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Lecture 7

16234 Lecture Notes - Lecture 7: Redlining, Small Claims Court, Subrogation

3 Pages
56 Views
Fall 2016

Department
Design, Architecture and Building
Course Code
16234
Professor
Vince Mangioni
Lecture
7

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Lecture 7
Replacement Cost and Summation Methods of Valuation
Summation / Cost Methods of Valuation
o Summation is the sum of the component parts of a property which equals total value in principle
o From the total value of a property, either component may be deducted to determine the remaining
component value
o Total value less land = added value of improvements
Use of Summation
o Determining the added value of improvements in the absence of land sales, land tax and rating
o Determining the rate of depreciation of improvements for market values
o Determining the value of special uses property
o E.g. insurance replacement valuations
Types of Improvements
1. On land (“visible”)
Buildings
Fencing
Paths and roads
2. To land (“not visible”)
Reclamation
Filling clearing
Excavation
Services
3. Fixtures
Permanently annexed to land (e.g. stove, ducted air conditioning, carpets)
4. Fittings
Removable without damage to the property (e.g. curtains, blinds)
Improvements Cont.
o Cost and value do not always equate to the same amount
o Main point of difference is depreciation
o Types of depreciation include:
Physical: normal wear and tear
Functional / Technological: Older dwellings may not compare with modern buildings /
Improved building concepts
Economic: Changes due to zoning/legislation (e.g. dwelling in industrial area)
Depreciation for Taxation Purposes
o Straight line method the original amount is depreciated by a set % each year
o Reducing balance method the most recent amount is depreciated by a set % each year
Summation / Cost Approach
o This method is used when the direct comparison method cannot be used as there is no comparable
sales evidence
o May also be used to determine the value or cost of the individual components of property such as
land and buildings
o If you now the value of the land and the sale price of the property, deduct one from the other to get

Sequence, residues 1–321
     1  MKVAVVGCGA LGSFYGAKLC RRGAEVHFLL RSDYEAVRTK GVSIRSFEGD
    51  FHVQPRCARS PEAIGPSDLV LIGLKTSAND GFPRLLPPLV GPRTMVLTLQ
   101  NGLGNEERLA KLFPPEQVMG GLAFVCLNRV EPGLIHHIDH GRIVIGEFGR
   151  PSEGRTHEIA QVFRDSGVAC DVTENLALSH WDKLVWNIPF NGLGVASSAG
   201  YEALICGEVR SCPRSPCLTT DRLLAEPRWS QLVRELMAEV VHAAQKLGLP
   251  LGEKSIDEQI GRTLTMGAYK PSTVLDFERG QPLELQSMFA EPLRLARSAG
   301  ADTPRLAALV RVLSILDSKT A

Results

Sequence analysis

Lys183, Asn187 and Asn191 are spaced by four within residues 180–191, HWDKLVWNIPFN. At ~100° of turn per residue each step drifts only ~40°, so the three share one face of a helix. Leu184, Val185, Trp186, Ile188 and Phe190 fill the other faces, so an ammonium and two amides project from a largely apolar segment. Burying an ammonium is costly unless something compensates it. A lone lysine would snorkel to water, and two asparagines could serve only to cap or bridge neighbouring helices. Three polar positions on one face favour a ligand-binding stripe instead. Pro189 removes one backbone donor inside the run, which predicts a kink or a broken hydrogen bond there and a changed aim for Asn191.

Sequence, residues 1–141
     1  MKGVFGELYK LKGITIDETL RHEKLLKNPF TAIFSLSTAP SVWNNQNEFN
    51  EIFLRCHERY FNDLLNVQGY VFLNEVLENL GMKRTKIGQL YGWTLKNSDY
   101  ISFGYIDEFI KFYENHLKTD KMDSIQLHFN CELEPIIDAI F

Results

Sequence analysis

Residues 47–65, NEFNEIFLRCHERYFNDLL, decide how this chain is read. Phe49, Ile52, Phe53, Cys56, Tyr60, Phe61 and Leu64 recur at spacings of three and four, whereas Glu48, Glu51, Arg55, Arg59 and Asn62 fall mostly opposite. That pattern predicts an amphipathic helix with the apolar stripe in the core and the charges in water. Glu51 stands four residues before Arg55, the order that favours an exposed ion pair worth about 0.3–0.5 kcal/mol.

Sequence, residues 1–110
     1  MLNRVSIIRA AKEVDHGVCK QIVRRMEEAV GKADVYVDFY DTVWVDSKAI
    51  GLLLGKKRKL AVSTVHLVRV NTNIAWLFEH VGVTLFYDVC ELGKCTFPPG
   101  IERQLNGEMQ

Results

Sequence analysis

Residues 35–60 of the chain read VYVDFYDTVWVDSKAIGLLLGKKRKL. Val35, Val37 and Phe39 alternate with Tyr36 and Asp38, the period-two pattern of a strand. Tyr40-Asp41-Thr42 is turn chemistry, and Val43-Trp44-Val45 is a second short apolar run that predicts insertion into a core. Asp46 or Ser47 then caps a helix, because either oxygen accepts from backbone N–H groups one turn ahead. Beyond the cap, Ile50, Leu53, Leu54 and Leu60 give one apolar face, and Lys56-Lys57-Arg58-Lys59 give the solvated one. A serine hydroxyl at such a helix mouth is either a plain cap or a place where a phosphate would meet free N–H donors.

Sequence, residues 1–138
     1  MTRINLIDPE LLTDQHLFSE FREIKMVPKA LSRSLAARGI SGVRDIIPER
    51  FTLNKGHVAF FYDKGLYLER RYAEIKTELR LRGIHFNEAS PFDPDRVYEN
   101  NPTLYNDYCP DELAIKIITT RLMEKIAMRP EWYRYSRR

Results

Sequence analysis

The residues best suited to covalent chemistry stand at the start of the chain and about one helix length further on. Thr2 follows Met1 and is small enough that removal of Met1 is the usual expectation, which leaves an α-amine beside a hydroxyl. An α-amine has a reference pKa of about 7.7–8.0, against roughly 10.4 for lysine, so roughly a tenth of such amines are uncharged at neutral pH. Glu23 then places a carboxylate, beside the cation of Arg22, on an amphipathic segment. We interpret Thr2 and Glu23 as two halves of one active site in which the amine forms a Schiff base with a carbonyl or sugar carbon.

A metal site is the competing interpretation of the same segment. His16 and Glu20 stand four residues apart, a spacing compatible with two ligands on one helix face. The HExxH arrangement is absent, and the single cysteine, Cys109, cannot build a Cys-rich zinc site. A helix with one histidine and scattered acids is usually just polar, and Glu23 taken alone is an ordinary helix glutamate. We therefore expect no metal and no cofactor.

the value of the improvements
o Issue is that Cost does not always equal Value

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Description
Lecture7 Replacement Cost and Summation Methods of Valuation Summation Cost Methods of Valuation o Summation is the sum of the component parts of a property which equals total value in principle o From the total value of a property, either component may be deducted to determine the remaining component value o Total value less land = added value of improvements Use of Summation o Determining the added value of improvements in the absence of land sales, land tax and rating o Determining the rate of depreciation of improvements for market values o Determining the value of special uses property o E.g. insurance replacement valuations Types of Improvements 1. On land (visible) Buildings Fencing Paths and roads 2. To land (not visible) Reclamation Filling clearing Excavation Services 3. Fixtures Permanently annexed to land (e.g. stove, ducted air conditioning, carpets) 4. Fittings Removable without damage to the property (e.g. curtains, blinds) Improvements Cont. o Cost and value do not always equate to the same amount o Main point of difference is depreciation o Types of depreciation include: Physical: normal wear and tear Functional Technological: Older dwellings may not compare with modern buildings Improved building concepts Economic: Changes due to zoninglegislation (e.g. dwelling in industrial area) Depreciation for Taxation Purposes o Straight line method the original amount is depreciated by a set each year o Reducing balance method the most recent amount is depreciated by a set each year Summation Cost Approach o This method is used when the direct comparison method cannot be used as there is no comparable sales evidence o May also be used to determine the value or cost of the individual components of property such as land and buildings o If you now the value of the land and the sale price of the property, deduct one from the other to get the value of the improvements o Issue is that Cost does not always equal Value
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